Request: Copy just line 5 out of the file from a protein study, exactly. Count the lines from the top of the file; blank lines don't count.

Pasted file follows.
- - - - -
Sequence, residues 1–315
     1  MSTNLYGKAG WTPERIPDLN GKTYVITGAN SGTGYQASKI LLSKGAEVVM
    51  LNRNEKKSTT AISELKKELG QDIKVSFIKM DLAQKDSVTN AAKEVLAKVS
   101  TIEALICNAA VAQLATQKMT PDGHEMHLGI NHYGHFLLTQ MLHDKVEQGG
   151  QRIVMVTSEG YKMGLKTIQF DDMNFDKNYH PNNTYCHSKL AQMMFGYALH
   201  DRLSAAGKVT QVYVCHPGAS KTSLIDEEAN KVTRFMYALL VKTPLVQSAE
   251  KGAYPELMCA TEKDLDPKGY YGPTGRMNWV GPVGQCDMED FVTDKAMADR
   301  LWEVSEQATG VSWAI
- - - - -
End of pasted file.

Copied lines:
   151  QRIVMVTSEG YKMGLKTIQF DDMNFDKNYH PNNTYCHSKL AQMMFGYALH